JOHANNESBURG — South Africa says 800 skeletons of captive-bred lions can be legally exported this year, meeting demand for traditional medicine ingredients in parts of Asia while alarming critics who believe the policy threatens Africa’s wild lions.
The environmental affairs department said Wednesday that the lion bone quota meets international guidelines on wildlife trade and that its impact on wild lions is being assessed.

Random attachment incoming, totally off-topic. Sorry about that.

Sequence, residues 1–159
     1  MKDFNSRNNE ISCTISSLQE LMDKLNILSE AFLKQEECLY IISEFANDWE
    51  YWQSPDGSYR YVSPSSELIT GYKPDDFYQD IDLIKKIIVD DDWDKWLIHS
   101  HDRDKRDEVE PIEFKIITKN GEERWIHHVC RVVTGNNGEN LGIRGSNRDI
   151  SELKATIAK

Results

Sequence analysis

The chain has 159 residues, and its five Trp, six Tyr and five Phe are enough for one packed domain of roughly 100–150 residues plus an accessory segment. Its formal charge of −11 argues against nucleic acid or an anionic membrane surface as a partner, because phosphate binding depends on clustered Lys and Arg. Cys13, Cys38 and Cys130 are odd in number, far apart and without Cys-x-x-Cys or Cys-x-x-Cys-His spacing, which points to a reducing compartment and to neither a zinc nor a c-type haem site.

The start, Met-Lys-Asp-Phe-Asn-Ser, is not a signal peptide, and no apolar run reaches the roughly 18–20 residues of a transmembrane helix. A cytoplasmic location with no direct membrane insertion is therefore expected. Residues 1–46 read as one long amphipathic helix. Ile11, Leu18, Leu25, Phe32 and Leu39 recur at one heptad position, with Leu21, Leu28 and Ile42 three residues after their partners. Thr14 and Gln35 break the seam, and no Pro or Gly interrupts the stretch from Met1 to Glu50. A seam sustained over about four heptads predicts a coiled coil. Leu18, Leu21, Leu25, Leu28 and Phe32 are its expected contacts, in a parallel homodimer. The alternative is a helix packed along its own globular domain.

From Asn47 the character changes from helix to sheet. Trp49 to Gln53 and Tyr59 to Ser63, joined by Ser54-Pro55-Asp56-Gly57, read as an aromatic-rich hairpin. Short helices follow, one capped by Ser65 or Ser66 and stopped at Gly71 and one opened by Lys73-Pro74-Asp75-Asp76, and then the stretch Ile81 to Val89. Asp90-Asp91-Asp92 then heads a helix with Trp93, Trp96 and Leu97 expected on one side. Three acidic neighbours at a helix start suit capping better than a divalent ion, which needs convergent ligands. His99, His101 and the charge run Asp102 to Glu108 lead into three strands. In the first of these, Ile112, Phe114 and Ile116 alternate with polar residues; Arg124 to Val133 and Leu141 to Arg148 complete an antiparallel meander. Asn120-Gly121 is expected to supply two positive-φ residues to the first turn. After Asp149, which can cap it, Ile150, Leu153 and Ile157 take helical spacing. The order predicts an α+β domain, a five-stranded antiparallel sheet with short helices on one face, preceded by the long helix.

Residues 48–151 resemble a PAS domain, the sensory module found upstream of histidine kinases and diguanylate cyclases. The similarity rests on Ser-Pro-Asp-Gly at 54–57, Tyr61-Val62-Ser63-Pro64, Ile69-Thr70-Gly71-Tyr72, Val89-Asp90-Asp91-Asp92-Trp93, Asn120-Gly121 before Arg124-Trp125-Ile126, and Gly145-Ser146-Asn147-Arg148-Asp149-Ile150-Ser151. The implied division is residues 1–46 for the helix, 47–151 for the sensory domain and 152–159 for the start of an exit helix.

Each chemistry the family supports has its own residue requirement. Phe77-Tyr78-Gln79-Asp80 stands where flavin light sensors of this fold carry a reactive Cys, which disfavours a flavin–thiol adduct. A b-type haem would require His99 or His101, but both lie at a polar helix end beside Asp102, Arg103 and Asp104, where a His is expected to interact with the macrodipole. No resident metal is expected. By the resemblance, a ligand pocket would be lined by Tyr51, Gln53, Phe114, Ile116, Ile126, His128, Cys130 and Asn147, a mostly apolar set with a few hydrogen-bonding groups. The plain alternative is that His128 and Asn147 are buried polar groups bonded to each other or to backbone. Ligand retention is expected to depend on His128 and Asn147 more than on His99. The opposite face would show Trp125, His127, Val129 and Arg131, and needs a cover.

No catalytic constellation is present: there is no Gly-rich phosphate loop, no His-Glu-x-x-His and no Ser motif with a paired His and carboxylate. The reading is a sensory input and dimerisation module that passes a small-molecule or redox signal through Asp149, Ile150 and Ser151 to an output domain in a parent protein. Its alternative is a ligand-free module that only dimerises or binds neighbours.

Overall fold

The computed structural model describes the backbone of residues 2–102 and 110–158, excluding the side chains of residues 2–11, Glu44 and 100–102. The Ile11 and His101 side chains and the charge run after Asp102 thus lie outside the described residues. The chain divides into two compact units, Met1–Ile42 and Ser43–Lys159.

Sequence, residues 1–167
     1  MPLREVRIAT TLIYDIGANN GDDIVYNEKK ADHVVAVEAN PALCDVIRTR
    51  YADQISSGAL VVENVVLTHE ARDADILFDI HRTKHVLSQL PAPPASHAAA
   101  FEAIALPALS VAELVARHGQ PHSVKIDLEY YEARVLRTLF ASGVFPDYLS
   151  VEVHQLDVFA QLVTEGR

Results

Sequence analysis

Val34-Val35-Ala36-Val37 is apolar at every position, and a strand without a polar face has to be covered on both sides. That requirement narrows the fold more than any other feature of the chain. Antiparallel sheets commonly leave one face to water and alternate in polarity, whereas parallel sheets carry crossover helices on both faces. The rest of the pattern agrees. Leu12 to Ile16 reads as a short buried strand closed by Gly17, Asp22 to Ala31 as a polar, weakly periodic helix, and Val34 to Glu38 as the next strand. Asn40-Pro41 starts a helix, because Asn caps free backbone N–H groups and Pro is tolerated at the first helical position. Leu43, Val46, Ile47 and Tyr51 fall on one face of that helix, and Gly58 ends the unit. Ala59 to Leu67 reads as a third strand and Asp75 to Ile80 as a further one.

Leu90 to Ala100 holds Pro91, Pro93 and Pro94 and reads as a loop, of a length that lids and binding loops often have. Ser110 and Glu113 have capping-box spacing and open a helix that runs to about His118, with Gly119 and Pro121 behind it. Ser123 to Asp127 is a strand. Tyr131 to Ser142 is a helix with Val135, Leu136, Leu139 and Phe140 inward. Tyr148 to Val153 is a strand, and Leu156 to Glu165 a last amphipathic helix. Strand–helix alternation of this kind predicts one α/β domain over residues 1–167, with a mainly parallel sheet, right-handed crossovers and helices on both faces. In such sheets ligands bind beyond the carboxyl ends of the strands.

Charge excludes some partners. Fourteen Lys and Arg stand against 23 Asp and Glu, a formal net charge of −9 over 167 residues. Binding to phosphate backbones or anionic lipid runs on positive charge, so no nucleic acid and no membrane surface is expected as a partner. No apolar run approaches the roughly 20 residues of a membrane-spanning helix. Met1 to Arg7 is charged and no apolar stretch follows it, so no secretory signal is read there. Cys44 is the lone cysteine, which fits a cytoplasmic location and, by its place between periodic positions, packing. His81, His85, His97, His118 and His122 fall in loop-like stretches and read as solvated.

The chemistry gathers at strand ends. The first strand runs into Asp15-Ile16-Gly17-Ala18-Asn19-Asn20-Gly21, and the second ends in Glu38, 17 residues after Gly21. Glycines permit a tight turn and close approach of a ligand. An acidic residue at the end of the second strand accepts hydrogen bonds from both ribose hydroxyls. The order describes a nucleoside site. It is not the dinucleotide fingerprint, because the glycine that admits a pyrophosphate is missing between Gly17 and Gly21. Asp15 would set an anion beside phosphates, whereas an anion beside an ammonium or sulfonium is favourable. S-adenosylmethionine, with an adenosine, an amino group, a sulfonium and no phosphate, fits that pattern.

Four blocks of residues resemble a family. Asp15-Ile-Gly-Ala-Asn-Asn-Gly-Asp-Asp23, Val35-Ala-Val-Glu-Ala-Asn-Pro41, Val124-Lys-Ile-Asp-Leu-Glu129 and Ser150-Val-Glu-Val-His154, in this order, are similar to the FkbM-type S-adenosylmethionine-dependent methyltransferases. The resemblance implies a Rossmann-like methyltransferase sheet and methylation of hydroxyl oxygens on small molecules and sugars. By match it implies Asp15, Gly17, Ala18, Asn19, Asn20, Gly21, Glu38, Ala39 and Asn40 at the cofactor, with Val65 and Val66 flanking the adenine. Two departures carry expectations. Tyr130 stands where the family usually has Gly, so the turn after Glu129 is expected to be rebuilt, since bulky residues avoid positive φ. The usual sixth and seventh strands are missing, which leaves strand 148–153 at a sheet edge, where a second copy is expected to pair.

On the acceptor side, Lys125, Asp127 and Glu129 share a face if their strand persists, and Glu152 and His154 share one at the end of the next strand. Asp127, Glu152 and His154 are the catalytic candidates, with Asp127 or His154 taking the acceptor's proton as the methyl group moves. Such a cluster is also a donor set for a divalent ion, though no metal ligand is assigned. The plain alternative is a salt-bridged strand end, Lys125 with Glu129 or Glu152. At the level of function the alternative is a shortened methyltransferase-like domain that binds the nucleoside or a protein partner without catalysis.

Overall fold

It says it worries that a ban on the legal lion bone trade could lead to the illegal killing of wild lions for their bones.
Some conservationists, however, say the legal trade may be fuelling demand for bones, whether from captive-bred or wild lions.
They also note that many of the captive-bred lions are killed by paying clients in a practice described by critics as “canned hunting.”